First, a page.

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The deal is i want a NSDate representation of the date 18th of June 1978. I have tried to init NSDate like

dateFormatter = [[NSDateFormatter alloc] init];
[dateFormatter setDateStyle:NSDateFormatterMediumStyle];
self.dateFormatter.timeStyle = NSDateFormatterNoStyle;
self.startDate = [dateFormatter dateFromString:@"19/06/78"];
NSLog(@"%@", self.startDate);

This produces the right date when the iPhone is set to Danish in the International settings. It does not work with a iPhone set to i.e. english/american settings.

Notice the extra day (19) because denmark is in GMT +1 and i think the NSDate defaults to time 23:00:00. That indicates that something i not working as intended.

I want the above date (18/06/1978) represented a an NSDate object regardless of the timezone, locale and International settings on the device.

How to achieve that?


So Ole Begemann's answer seemed to resolve my issue. His solution did create the correct date both on a device in USA International settings and en European international settings. But when Apple should review the app the date created was 17th of June 1978. This makes sence since I'm setting timezone to GMT +0000. And Cupertino is like GMT -0007 or so. So this would give a day earlier.

So to correct my question: I want the 18-06-1978 no matter what locale, timezone the device is physically or settings wise in.

What I'm trying to do is setting a start date 18. june 1978 and later in my app render the date as a string formatted like "780618" (yyMMdd) regardless of the timezone or place of the device. It allways has to be "780618" as this is a key start date for my app.

So I might be attending the problem wrong. Instead of trying to force same date everywhere I maybe should accept the timezone stuff and try to configure the NSDateFormatter to output the right date.

So basically: What i want is THE NSDate instance that formats to "780618" everywhere - in any timezone with any international device settings.

Any ideas on how to achieve this?

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2 Answers 2

up vote 3 down vote accepted

I want the above date (18/06/1978) represented a an NSDate object regardless of the timezone, locale and International settings on the device.

This makes no sense to NSDate. An NSDate always represents a single point in time, so by definition it includes a time and the time zone this time is in (or to be more exact, it stores the time in GMT; the time is only converted to another time zone for display purposes). If you just want the date, you have to make your own definition regarding the time, e.g. to store these dates with a time of midnight GMT.

When setting a date programmatically, you must always set a time zone and, if you use a date formatter, set the formatter's locale and calendar. This ensures that your code is independent of the user's/device's locale settings.

I would do it like this:

NSDateComponents *dateComponents = [[NSDateComponents alloc] init];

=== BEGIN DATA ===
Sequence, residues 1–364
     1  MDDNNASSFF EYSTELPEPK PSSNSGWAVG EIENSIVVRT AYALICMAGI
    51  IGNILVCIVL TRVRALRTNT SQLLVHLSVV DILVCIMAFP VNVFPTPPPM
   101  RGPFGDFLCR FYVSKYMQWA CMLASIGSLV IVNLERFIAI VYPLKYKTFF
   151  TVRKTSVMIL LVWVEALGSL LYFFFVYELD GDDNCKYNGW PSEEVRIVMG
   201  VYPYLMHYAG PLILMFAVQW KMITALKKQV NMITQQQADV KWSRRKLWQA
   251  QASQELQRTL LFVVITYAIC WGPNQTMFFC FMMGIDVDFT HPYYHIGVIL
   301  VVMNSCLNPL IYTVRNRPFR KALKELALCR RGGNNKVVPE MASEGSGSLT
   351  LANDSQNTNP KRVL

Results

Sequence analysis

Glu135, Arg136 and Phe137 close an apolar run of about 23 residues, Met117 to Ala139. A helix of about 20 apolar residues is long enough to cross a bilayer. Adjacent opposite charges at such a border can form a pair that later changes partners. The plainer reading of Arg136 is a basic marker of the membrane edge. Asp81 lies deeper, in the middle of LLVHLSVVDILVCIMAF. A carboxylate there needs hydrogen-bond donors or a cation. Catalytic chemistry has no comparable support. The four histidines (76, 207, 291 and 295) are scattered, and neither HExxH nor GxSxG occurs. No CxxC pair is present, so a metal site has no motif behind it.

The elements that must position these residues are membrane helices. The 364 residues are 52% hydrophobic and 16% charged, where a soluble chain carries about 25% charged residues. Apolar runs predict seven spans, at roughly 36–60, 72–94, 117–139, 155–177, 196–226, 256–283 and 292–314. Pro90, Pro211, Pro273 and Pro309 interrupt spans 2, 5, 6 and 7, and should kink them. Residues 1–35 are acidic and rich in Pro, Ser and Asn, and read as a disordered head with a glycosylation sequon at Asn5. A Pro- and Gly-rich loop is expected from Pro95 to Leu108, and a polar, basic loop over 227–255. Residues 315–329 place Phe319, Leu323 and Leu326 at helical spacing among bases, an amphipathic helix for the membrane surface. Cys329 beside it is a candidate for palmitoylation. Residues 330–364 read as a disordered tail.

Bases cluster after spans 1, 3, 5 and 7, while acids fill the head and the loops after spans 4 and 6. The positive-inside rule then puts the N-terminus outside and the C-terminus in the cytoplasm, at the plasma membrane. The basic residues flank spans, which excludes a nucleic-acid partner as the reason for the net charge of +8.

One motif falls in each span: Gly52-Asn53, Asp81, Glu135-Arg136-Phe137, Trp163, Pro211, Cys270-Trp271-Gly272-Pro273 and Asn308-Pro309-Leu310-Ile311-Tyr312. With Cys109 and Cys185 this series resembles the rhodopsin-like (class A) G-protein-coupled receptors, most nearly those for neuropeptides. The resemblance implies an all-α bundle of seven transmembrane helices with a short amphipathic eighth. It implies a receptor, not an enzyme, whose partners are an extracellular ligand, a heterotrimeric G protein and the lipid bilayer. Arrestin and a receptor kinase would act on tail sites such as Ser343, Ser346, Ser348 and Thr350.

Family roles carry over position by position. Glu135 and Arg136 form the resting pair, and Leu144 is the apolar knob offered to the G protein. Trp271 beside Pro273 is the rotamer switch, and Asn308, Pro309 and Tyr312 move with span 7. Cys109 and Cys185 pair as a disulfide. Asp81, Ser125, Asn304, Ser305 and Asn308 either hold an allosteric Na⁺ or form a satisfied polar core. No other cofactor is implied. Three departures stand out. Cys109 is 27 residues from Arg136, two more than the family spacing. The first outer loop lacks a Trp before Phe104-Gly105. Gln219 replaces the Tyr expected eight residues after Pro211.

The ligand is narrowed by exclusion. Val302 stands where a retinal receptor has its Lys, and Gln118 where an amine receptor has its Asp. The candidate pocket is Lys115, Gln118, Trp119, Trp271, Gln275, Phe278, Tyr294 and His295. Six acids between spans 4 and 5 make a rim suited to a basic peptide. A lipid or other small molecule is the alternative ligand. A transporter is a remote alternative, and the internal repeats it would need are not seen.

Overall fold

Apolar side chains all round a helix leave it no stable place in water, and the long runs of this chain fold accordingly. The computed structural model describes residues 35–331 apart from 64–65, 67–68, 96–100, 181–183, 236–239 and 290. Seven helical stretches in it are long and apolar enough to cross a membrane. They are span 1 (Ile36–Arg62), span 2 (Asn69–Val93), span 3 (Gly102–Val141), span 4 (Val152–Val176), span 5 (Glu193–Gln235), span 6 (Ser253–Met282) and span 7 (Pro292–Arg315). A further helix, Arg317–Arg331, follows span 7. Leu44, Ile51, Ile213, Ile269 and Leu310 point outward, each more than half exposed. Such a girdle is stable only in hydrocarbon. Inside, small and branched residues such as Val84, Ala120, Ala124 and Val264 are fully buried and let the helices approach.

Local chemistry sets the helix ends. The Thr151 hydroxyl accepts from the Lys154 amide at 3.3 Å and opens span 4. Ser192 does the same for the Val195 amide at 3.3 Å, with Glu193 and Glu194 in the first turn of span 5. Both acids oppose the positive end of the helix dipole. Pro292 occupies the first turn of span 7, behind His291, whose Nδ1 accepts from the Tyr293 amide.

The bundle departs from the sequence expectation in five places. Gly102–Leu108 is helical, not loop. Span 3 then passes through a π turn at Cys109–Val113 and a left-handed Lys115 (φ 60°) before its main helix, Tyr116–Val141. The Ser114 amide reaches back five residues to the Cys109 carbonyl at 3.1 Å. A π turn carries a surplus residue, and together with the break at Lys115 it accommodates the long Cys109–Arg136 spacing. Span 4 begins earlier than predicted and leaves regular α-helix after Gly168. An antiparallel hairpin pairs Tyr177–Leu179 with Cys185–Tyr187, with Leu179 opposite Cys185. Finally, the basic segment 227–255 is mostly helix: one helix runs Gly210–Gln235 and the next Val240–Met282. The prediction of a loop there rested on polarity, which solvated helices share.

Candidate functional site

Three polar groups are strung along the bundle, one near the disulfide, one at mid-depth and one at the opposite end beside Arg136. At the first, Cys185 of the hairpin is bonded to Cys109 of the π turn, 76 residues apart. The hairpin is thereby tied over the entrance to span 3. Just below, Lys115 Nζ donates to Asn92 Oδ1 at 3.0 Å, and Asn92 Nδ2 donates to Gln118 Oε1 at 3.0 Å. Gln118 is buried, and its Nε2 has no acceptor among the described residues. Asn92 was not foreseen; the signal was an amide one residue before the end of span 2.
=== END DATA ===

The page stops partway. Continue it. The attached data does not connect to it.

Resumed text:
[dateComponents setTimeZone:[NSTimeZone timeZoneForSecondsFromGMT:0]];
[dateComponents setYear:1978];
[dateComponents setMonth:6];
[dateComponents setDay:18];
NSCalendar *calendar = [[NSCalendar alloc] initWithCalendarIdentifier:NSGregorianCalendar];
NSDate *date = [calendar dateFromComponents:dateComponents];
NSLog(@"%@", date);
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Worked like a charm. Tried the other answers, but nothing worked. Either it stayed the same or NSDate defaulted to Jan 1 2001. (Result of DateFormatter returning nil i believe). Thanks for your idea. –  esbenr Oct 24 '11 at 9:40
Or so i thought. My app was rejected by Apple because og no content. (The app uses the date to fetch content.) I have edited my question according to Apples reply. –  esbenr Oct 28 '11 at 20:36
I'm pretty sure that i don't understand the NSDate. So my problem could be that i haven't set the timezone on all my calendar formatters? I'll try setting all formatters to GMT. But how can i verify that it works? On the simulator it's impossiple to set the timezone. How do i "simulate" testing the app from another timezone? –  esbenr Oct 30 '11 at 6:49
I have configured all my NSDateFOrmatters to GMT+0000. Tested it by setting my ipad to various timezones and everything seems to work. Let's se what Apple says :-) Thanks a lot for your help Ole. –  esbenr Oct 30 '11 at 7:14
And as I said, if you haven't also set the formatter's calendar, it will still not work for people who use a different calendar than the Western one. –  Ole Begemann Oct 30 '11 at 11:30

You can do like this:

NSDateFormatter *formatter = [[NSDateFormatter alloc] init];

// Set the locale to en_US_POSIX. This makes the date formatter respect
// the format string regardless of the user's locale.
NSLocale *locale = [[NSLocale alloc] initWithLocaleIdentifier:@"en_US_POSIX"];
[formatter setLocale:locale];
[locale release];

// We want the date in the user's current time zone.
[formatter setTimeZone:[NSTimeZone localTimeZone]];

[formatter setDateFormat:@"dd/MM/yy"];

NSDate *date = [formatter dateFromString:@"18/06/78"];

[formatter release];

NSLog(@"%@", date);

That the date is shown like this 1978-06-17 23:00:00 +0000 is because NSDate's description returns the date in GMT. 17th of June 1978 at 23:00 is 18th of June 1978 00:00 in GMT+1.

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Your suggestion makes the dateformatter return nil; But your explanation on the NSDate description makes sense. –  esbenr Oct 24 '11 at 8:54

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